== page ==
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Folks in the back of the pack are winners too

Through tragedy and good times, Paul Suter has discovered the secrets to a long life of happiness: Eat well, think young and participate in Florida's largest running event every year.

"I'm trying to do like other survivors," said Suter, 79, who brought up the rear in Saturday's Gasparilla Distance Classic. "I've been through Pearl Harbor and Normandy, and every year I hope to survive this race, too."

For 10 years Suter, a Brandon resident, has participated in the 15-kilometer (9.3 miles) course that winds along Bayshore Boulevard. He was never a threat to place first or even in the top 5,000, but that doesn't keep him from coming to enjoy the thrill of racing alongside runners from all over the world.

"I come for the camaraderie," he said. "When you get to be my age, all you see is old people. I get so tired of old people who don't want to do anything, so it gives me the go-power when I come out here and see active people."

Suter, a retired Pinellas County bank examiner, trains for the event by following a strict regimen of early morning runs and by participating in other local races. He isn't alone in his desire to participate in the race with the goal of not winning or setting a personal best, but simply finishing.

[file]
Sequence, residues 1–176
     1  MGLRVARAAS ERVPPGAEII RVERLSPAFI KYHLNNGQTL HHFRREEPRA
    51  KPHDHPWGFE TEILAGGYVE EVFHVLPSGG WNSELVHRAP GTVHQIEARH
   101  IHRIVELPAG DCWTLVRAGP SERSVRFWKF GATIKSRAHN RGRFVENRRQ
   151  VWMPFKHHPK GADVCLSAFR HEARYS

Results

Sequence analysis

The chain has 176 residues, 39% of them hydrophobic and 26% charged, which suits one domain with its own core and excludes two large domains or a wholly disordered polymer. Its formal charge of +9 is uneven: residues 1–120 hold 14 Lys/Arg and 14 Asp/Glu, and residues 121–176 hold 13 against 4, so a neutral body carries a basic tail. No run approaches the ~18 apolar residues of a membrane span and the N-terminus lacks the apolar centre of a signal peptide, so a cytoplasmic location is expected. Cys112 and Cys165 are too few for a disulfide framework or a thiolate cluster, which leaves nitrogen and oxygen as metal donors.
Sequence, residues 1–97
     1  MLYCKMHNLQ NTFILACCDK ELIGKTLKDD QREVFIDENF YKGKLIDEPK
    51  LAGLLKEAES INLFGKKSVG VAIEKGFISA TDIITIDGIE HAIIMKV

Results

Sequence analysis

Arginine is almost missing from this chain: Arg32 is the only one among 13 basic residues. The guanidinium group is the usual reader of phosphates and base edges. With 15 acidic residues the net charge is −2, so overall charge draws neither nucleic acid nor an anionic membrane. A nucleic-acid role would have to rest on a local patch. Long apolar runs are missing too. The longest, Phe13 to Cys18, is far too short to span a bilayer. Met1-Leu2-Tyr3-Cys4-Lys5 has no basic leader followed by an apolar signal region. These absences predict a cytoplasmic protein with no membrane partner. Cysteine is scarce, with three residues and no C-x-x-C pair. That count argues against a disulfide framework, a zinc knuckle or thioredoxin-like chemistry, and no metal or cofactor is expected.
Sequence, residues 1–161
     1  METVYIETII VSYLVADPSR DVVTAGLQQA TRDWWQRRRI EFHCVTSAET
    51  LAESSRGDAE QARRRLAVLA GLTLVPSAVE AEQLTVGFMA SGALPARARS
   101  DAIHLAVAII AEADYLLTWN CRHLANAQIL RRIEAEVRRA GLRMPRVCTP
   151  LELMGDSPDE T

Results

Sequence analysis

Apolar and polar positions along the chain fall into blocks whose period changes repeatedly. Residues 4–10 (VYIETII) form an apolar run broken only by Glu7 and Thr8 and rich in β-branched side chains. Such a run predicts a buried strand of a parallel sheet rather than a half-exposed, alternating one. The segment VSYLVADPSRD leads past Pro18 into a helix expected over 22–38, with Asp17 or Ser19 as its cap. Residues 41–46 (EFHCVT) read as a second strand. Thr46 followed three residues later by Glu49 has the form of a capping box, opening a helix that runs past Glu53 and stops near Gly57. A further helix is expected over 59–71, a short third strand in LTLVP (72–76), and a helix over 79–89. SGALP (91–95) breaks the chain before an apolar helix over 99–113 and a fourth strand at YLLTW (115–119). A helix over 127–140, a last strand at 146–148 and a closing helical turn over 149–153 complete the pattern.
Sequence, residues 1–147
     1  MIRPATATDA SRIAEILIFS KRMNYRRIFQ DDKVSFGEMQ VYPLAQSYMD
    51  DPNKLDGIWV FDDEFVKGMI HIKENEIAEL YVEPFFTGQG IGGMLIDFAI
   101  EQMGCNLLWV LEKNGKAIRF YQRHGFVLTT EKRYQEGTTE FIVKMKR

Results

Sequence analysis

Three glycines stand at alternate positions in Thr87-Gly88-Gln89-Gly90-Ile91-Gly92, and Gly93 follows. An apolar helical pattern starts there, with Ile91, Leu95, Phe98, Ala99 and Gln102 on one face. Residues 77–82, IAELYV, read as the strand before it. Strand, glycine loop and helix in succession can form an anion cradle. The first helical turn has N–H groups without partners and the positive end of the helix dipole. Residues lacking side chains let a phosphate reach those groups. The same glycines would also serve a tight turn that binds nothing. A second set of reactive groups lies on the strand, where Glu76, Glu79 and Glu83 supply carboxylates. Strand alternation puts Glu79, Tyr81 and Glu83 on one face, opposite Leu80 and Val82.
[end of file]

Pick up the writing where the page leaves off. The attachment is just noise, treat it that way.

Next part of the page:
"The tradition and achievement is what makes even the last place runners come back every year," said Gasparilla race director Susan Harmeling. "Imagine how you would feel if you ran nine miles. It takes a lot for people to do this, and everyone who finishes should feel proud."

Darius Bakunas, 56, and his son, Kenny, 25, ran together in the race for the fifth year. They prepare for the event all year and usually finish somewhere in the middle of the pack.

"This race is for the people who don't train enough to run in marathons," Darius said. "It's a desirable race to run because there are a lot of prestigious runners here, and everyone participating has one objective."

This year's Gasparilla Distance Classic attracted about 13,400 runners and wheelchair athletes _ more than last year. There also was a 5-kilometer (3.1 miles) race for runners who favored shorter distances.

Kathy Bricker and Gail Duerst ran in the 5-kilometer, after cheering on their husbands who participated in the 15-kilometer run.

"There's nothing like Gasparilla," said Duerst, who came to the event from Sarasota for the ninth year. "We come to watch all the professional runners. Then we relax, listen to the music and drink beer."

Suter already is planning his strategy for next year: concentrate on running instead of inspecting his surroundings.

"I keep watching to see how the other runners are coming along, and then I fall behind," Suter said. "There's a lot of people older than me here that I haven't even caught up with yet. But give me a couple of years, and I'll catch them."

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